An obscure middle of the road

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An obscure middle of the road


Suh Kyoung-ho
The author is the editor of economic news at the JoongAng Ilbo.

I had interviewed Kim Sang-jo, who headed a civic activist group called the Solidarity for Economic Reform ahead of the presidential election in 2012. The phrase “economic democratization,” a call for more fairness in the economy, had been a dominant campaign platform for both conservative and liberal candidates.

By the minimum principle in methodology, he suggested that reforms should start incrementally from the area where all members of our society agree on the need for changes. Since everyone was chanting “economic democratization” at the time, Kim — an outspoken champion of chaebol reforms — felt himself pedestrian. He pointed out that metadiscourse alone could not change the world and that Korean policymakers lacked the ability to make and execute specific actions.

The progressive economist also stressed respect for constitutionalism, a term favored by the conservatives. “There should be a strict principle that the society should reward those who faithfully abide by the rules and punish those who disobey them out of selfishness. Without such principles, no reforms and progress can be made,” he said.

Two weeks ago, I interviewed the same man, who has been serving as the policy chief for President Moon Jae-in for nearly seven months. His speech was as eloquent and smart as ever, but did not show the same candor as in the past. Of course, a speech as the head of a civic group and as a presidential policy chief should not be the same. He defended government policies, mostly devoted to real estate measures.

During the interview, I was curious if he believed the Moon administration was keeping to the “minimum principle” he had championed. I believe the government has stepped out of line in economic policies through steep increases in the minimum wage, forced conversion of part-time workers to permanent status and a universal cutback in working hours.


Kim said the economy differed from politics. Politics should chase votes, but economics should keep to the “median path” where most people can agree. “I always believed that an economic policy could succeed when it chooses the ‘path of median,’ even though it invites criticism from the right and left, instead of taking one side. My thoughts have not changed,” he added.

So why were the government’s policies so “pro-union?” I asked. He claimed that the Moon administration “aspires to establish a society appreciating labor. It is pro-labor, not pro-union. It is pro-corporation, but not pro-large-company.”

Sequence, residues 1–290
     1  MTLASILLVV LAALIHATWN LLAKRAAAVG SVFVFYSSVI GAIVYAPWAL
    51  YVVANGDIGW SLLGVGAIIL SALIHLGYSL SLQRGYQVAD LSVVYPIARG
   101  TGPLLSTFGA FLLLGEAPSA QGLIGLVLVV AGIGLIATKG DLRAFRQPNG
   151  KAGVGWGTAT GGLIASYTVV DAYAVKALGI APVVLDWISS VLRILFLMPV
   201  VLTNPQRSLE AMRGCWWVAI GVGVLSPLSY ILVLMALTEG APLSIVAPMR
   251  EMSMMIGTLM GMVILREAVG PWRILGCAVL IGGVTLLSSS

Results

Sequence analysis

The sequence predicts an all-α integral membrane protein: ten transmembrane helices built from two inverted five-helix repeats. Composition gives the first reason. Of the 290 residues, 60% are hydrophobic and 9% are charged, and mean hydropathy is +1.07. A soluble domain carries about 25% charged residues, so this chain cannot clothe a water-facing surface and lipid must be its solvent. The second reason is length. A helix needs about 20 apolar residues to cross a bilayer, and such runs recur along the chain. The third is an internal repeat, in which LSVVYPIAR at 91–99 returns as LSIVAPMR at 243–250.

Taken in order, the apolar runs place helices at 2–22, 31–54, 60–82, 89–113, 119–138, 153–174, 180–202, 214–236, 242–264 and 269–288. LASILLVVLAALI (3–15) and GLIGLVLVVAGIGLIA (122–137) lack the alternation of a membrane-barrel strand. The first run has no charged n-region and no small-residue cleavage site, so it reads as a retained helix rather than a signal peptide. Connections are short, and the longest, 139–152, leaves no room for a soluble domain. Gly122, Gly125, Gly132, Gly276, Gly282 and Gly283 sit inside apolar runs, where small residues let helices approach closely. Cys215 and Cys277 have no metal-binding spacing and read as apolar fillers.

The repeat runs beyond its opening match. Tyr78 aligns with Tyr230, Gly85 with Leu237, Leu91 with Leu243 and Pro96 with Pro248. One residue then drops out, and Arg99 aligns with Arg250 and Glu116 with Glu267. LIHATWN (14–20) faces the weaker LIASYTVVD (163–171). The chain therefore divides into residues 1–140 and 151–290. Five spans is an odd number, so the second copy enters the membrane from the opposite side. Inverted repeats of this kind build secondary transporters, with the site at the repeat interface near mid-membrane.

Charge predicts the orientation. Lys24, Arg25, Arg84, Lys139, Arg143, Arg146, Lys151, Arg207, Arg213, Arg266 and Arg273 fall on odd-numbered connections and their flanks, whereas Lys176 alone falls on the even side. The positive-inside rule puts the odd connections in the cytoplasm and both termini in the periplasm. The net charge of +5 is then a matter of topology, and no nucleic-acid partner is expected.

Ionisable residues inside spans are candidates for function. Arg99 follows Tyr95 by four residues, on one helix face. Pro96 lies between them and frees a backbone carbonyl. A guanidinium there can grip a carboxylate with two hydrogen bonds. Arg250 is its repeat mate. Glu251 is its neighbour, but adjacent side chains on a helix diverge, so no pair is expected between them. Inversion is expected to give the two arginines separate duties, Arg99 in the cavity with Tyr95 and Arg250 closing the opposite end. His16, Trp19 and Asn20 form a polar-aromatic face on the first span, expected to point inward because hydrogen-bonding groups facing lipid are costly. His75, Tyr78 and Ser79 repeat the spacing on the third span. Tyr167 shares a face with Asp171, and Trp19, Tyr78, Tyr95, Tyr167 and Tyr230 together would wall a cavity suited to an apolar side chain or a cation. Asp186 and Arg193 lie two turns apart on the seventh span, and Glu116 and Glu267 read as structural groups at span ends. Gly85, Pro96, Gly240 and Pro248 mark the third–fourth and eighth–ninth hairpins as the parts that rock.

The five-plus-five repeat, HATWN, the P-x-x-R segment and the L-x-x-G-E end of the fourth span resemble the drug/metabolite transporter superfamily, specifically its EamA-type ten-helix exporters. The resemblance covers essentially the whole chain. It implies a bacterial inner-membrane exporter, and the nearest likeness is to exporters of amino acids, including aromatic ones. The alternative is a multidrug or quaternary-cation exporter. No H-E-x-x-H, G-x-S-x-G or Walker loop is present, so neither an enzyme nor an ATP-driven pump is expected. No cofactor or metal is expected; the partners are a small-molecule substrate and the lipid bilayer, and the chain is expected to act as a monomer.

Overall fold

Despite his remarks, the government is seen as being overly attached to the militant Korean Confederation of Trade Unions. Why is that? Let me just quote former Labor Minister Kim Dae-hwan, who argued that the government must play the mediator in labor-management affairs and government policies should be directed to help the ordinary workers, and not to please the union leadership.

Kim Sang-jo went on to say that his job as presidential policy chief is broad, yet he cannot take responsibility for everything. As the head of the Fair Trade Commission before taking the job at the Blue House, he did his best to fulfill the role of the antitrust agency and now he was doing the same as the policy chief.

Past senior policymakers on the economy have made similar complaints that economic policies fall behind the importance given to political and civil affairs. Top economic bureaucrats must mainly settle for a supplementary role when they join the Blue House.

Things are no different in the incumbent government. The “reasonability of an economist” that Kim mentioned would be limited. The government has changed the rhetoric of its slogan from “income-led growth” to “inclusive growth.” But its policies are little changed. The government has moderated its pace of hikes to the minimum wage and taken supplementary measures to make up for policy failures in its relentless push for a cutback in our working hours.

Of course, the government needs to lessen the living cost for the people and expand social security. But the government’s economic policies are attacked because they go directly against the market. An economist surely should know this.

JoongAng Ilbo, Jan. 28, Page 27
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